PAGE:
In this statement of principles published in the first issue of Frauen-Zeitung, or Women's Newspaper, Louise Otto (1819–1895) encourages women to fight for a share in the ongoing revolution and to support their underprivileged sisters above all. She clearly distances herself, however, from “emancipated” feminists who had deprecated marriage and motherhood, thereby “degrading women into a caricature of men.”

Women’s Activism during the Revolution: Louise Otto’s Statement of Principles in the First Issue of Frauen-Zeitung (April 21, 1849)

  • Louise Otto-Peters


A mouthpiece for higher female interests
Motto: I recruit female citizens for the realm of freedom.
Founded by Louise Otto, Volume 1, 1849, Großenhain/Saxony
no. 1, Saturday, April 21, 1849


The history of all ages, and especially of today, teaches us that those who forget to think of themselves will be forgotten! I wrote this in May of 1848, when I was addressing primarily the men in Saxony who were concerned with the labor question – admonishing them to think of the poor women workers by speaking up for my sisters, so that they may not be forgotten! (i.e., “Address of a young woman” to the liberal Oberländer Ministry, D.H.).

It is this same principle derived from experience that prompts me to publish a women’s newspaper. In the midst of the great upheavals in which we all find ourselves, women will discover that they are being forgotten if they forget to think of themselves!

Well, then, my sisters, join with me so that we shall not be left behind, as everything around us and beside us is pushing forward and struggling. We want to demand and earn our share of the great world-redemption that must at long last come to all of humanity, of which we are one half.

We want to demand as our share:
The right to cultivate what is purely human in us with a free development of all our powers, and the right to come of age and be independent in the state.

We want to earn our share:
We want to exert our strength to advance the work of world-redemption, first by seeking to spread the great ideas of the future – liberty and humanity (two words which essentially mean the same) – in all circles open to us, in the wider ones of the world at large through the press, in the narrower ones of the family through example, instruction, and child-rearing.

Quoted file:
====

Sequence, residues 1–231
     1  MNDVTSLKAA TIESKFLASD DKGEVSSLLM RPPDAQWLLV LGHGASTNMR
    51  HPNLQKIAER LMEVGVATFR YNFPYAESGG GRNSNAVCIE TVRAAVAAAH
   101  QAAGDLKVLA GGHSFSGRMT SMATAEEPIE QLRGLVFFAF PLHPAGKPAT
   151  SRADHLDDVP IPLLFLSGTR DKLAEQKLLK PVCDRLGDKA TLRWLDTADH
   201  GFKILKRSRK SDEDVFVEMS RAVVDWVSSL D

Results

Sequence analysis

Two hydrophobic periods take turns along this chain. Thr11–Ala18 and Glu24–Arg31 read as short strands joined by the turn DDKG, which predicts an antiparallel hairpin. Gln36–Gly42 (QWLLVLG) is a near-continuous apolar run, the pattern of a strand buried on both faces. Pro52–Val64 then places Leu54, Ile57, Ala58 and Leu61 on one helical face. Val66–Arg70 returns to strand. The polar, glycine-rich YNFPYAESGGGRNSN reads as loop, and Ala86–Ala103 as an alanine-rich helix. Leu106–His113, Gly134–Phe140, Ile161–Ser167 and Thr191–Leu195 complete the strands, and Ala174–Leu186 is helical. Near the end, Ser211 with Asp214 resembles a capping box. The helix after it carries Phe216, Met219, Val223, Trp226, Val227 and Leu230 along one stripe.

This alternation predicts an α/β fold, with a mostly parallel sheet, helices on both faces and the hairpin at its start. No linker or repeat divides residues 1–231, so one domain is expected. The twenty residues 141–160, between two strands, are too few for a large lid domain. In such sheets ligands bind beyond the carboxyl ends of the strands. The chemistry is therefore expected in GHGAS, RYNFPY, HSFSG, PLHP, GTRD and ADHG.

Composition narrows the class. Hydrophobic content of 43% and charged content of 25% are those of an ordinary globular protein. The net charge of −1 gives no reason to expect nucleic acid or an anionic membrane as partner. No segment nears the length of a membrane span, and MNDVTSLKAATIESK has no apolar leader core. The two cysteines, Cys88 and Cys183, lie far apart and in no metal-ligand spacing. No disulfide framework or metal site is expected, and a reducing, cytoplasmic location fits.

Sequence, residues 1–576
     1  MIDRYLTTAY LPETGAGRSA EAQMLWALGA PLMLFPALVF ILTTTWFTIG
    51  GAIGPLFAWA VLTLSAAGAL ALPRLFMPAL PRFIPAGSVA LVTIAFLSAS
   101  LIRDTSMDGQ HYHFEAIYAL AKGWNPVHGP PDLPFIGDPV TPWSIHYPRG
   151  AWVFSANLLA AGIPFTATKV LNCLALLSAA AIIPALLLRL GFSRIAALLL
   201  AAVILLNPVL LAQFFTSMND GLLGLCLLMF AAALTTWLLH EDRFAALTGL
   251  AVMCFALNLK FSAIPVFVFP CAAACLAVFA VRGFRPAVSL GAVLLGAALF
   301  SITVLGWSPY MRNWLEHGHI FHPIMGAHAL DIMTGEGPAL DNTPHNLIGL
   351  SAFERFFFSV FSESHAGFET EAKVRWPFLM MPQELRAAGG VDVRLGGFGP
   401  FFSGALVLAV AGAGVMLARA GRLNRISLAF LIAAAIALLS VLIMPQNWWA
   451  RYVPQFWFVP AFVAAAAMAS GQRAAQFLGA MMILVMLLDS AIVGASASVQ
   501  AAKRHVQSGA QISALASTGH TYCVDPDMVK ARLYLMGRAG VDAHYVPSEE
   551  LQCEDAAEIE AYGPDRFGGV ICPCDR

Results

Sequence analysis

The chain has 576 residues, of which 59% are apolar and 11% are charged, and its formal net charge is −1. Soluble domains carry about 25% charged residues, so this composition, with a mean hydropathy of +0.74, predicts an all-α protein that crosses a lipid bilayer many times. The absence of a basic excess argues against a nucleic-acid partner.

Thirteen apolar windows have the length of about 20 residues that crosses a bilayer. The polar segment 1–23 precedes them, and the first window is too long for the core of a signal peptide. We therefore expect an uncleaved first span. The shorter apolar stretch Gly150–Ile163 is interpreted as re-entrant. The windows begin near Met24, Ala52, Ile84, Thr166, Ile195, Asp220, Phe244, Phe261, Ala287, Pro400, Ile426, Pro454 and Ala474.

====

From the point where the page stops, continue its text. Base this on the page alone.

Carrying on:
But we also want to earn our share by not striving individually, each one for herself, but rather each for all,
and above all by looking after those who languish forgotten and neglected in poverty, misery, and ignorance.

Well, then, my sisters, help me in this work!
Help me to work for all the ideas I have mentioned, first of all through this newspaper! –

I believe that I have now said everything that needs to be said about this paper’s goals – but unfortunately I must agree with those who whisper in my ear (reversing the usual saying), ‘being positive is not enough’: I must also add something negative – meaning in this case: I must protect myself and this newspaper against misunderstandings. –

I cannot make up words to do this:
I invoke my life, my work as a writer since 1843 – anyone who is familiar with any of it knows that I am not one of the so-called ‘emancipated’ women, one of those who have brought discredit upon the words ‘women’s emancipation’ by degrading woman into a caricature of man. And let me reassure those who do not as of yet know anything about me that it is precisely through this paper that I hope to correct the error that often prompts the most talented women to satisfy their striving for intellectual freedom by succumbing to unbridled passion. –

And so no one can lump me or the sisters working together with these ‘emancipated ones,’ though we shall be proud to be called successors of that noble virgin of Bethany, of whom the shining exemplar of all humanity said:
“The part that Mary has chosen is best!” –

And so I hereby call upon all like-minded writers, male and female, who support the cause of women’s rights, to support me in this endeavour by submitting contributions.
I also ask those of my sisters who are not writers to send me reports – first of all the oppressed, the poor working women, even if they do not feel skilled at stylish writing; if necessary, I shall be happy to edit their simple statements – but it is important to me that their concerns, above all, are placed before the public, for in this way they can be helped first.

I invite all who think alike to take out subscriptions so that this endeavour may succeed!

Louise Otto

Source: Frauen-Zeitung, vol. 1, 1849, Großenhain/Saxony, no. 1 (Saturday, April 21, 1849); reprinted in Margrit Twellmann, Die Deutsche Frauenbewegung im Spiegel repräsentativer Frauenzeitschriften. Ihre Anfänge und erste Entwicklung. Quellen, 1843-1889. Meisenheim am Glan: A. Hain, 1972, pp. 34–35.

Translation: Thomas Dunlap